Dave Welch, CTO and Chief Evangelist
As we move forward, there are more layers in the system stack. Virtualization is being introduced for a whole bunch of reasons, each of which is justification alone in my mind for doing so.
From my viewpoint, virtualization blends the lines somewhat between the various IT administrators’ functions. I see that as a good thing for the admins, for IT, and for the business overall. This could be a huge paradigm shift in particular for some shops we’ve worked in where the various IT teams barely communicate between themselves.
My first-steps formula for moving in this direction:
- Select up to ten performance attributes from these hardware resource groups that I list in what is usually descending order of importance: IO, memory, CPU, and network.
- Adopt metrics for each attribute.
- Adopt a handful of performance tools freely available or bundled with native Linux or Windows.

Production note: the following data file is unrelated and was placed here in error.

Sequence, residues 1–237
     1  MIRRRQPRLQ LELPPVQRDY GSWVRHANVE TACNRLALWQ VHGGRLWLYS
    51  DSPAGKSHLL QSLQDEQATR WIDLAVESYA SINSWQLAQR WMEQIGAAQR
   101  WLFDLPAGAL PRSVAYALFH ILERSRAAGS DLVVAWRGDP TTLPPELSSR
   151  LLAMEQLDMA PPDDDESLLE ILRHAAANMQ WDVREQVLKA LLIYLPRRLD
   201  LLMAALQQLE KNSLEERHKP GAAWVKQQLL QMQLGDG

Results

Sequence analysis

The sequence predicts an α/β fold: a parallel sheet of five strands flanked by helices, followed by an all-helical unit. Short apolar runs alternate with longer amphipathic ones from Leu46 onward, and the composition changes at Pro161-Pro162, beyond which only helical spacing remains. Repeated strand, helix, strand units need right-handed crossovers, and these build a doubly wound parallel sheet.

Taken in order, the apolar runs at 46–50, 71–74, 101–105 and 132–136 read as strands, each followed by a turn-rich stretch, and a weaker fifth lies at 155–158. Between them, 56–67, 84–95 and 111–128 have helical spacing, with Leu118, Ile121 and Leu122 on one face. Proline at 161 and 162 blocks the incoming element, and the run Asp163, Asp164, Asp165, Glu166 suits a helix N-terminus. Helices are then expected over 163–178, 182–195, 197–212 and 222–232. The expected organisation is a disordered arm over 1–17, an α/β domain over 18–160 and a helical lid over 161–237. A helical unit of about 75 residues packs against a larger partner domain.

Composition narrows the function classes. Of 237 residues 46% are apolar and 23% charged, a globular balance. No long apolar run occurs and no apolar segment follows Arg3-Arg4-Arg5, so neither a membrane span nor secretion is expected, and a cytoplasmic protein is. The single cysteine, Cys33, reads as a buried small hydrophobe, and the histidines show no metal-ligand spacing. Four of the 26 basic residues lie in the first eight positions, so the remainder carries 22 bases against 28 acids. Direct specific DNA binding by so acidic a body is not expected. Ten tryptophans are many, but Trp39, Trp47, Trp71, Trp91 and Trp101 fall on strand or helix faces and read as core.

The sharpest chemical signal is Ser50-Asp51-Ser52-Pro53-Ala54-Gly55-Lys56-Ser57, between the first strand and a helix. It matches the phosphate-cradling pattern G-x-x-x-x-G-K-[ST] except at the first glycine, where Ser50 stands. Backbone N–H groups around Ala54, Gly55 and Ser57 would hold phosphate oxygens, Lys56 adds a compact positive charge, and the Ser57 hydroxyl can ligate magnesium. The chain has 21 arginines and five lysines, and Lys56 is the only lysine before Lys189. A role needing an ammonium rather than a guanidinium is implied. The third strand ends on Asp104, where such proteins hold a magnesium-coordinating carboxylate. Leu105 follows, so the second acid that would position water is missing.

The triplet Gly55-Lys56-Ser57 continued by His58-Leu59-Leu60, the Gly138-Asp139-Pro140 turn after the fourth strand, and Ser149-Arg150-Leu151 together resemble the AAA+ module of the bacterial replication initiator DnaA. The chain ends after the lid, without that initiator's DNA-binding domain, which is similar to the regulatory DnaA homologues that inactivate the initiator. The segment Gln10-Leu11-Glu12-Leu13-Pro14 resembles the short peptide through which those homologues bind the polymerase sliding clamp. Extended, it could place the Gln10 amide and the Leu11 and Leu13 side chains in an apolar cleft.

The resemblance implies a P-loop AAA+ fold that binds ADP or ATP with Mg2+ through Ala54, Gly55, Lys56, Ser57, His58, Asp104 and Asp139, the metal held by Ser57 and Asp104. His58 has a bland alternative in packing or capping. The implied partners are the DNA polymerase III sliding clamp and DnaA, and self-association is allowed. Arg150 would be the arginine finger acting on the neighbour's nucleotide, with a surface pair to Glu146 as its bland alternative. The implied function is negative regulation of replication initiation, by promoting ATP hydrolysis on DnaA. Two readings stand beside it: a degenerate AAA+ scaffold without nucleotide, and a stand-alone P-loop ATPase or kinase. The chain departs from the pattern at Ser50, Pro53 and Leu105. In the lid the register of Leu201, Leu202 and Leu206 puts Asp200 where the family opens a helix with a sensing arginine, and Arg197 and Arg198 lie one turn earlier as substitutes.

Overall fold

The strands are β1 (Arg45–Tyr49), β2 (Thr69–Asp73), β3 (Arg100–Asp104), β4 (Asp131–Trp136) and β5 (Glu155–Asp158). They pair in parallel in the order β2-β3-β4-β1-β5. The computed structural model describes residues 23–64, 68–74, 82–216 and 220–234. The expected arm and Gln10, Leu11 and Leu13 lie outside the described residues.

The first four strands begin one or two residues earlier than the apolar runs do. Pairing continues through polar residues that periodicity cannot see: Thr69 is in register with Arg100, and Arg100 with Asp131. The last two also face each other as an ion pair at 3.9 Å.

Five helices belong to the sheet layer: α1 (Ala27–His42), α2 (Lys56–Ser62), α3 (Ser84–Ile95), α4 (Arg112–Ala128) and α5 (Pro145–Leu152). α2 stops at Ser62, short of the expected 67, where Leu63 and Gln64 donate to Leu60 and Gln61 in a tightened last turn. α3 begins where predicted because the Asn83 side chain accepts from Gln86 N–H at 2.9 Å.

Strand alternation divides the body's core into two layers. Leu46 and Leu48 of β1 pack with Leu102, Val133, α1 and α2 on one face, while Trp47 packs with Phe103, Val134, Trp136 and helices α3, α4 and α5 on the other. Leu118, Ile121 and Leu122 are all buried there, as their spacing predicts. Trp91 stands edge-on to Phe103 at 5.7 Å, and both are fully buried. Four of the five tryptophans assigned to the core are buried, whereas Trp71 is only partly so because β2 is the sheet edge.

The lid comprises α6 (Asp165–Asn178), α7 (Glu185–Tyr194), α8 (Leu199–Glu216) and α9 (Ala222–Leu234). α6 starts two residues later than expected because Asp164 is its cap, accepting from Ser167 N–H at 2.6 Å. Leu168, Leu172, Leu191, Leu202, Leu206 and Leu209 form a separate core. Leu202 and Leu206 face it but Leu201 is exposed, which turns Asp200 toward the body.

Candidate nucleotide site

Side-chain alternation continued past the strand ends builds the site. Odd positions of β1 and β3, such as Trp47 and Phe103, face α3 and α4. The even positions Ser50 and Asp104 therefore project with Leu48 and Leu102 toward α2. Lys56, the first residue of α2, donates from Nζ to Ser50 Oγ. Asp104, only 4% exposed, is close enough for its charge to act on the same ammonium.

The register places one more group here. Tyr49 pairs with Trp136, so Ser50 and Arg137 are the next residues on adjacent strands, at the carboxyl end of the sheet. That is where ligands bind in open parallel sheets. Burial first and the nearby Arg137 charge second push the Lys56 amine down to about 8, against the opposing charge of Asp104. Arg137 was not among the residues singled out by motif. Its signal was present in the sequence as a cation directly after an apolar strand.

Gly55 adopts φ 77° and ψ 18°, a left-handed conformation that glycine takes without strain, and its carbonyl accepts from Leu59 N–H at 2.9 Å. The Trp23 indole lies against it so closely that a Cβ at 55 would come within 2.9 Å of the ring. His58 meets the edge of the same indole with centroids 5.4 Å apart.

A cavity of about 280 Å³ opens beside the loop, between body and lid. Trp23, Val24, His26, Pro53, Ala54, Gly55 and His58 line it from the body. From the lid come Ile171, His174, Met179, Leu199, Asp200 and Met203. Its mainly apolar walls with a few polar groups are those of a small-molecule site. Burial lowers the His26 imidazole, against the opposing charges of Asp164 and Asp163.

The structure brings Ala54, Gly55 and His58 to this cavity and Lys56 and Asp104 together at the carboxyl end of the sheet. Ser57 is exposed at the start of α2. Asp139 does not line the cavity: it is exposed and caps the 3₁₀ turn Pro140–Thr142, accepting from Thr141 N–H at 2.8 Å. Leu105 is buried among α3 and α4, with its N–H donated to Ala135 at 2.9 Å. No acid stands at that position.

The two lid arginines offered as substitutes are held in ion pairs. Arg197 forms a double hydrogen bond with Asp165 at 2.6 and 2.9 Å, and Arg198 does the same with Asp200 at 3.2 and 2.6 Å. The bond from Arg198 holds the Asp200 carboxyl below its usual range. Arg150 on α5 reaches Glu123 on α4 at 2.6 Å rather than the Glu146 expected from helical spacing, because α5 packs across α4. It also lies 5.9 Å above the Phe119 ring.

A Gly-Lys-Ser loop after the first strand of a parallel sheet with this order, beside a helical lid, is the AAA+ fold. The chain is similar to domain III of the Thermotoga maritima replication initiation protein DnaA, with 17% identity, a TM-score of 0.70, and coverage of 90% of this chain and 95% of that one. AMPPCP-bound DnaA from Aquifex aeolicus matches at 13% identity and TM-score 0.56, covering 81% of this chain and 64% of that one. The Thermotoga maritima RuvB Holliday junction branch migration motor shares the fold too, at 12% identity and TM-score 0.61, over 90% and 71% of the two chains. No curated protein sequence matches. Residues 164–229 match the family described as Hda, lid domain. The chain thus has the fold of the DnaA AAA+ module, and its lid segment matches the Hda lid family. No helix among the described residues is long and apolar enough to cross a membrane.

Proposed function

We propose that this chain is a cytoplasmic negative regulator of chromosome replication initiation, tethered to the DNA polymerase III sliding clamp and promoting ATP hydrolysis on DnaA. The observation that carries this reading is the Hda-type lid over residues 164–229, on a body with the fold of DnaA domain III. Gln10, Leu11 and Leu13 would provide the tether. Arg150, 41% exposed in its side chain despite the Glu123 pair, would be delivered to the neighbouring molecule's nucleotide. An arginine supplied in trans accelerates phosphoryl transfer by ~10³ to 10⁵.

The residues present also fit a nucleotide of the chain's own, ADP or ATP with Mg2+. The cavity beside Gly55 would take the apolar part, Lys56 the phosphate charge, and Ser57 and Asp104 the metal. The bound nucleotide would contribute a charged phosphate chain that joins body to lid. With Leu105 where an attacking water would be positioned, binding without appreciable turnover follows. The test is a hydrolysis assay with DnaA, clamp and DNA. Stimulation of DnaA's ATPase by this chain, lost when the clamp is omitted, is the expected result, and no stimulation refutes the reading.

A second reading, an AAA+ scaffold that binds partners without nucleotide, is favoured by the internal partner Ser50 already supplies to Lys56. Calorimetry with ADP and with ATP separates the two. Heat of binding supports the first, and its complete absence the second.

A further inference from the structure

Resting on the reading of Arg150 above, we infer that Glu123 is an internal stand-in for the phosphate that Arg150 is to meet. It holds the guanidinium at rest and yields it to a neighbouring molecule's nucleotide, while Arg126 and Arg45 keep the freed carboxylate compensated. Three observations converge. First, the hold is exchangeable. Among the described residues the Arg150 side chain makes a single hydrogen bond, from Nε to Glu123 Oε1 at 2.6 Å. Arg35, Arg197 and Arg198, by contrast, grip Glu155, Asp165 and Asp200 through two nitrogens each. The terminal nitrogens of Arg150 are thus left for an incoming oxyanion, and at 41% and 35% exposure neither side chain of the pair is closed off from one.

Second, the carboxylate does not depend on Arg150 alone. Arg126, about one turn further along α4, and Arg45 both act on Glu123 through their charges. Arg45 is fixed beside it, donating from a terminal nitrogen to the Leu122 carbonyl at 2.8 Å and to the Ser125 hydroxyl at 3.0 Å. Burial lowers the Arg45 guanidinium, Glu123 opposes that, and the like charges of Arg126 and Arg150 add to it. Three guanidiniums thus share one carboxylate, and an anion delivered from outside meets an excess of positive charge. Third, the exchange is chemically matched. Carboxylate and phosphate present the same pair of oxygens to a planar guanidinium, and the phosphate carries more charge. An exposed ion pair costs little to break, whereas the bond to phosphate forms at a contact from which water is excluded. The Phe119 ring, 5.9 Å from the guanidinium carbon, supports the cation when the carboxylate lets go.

- Author and promote elevator-pitch summary conceptual overviews of the performance attributes, the needs they fulfill, and your associated SLAs.
- Regularly publish your performance metrics to the organization including the C-level and business users.
I believe there is significant benefit to IT proactively educating superiors and business peers on these performance attributes, unilaterally suggesting associated SLAs/red lines, and freely making the information available. Rather than self-inducing pressure, such information liberates. It naturally removes organizational barriers. It goes a long way to removing fear, uncertainty, and doubt. When appropriate, it brings more focus and leverage to IT CAPEX discussions including budget exceptions when necessary. Last but not least, it can demonstrate that VMware Infrastructure is for all intents and purposes transparent.
I’ll publish some key performance attributes, straw-man metrics, and suggest a handful of tools in a follow-up blog post.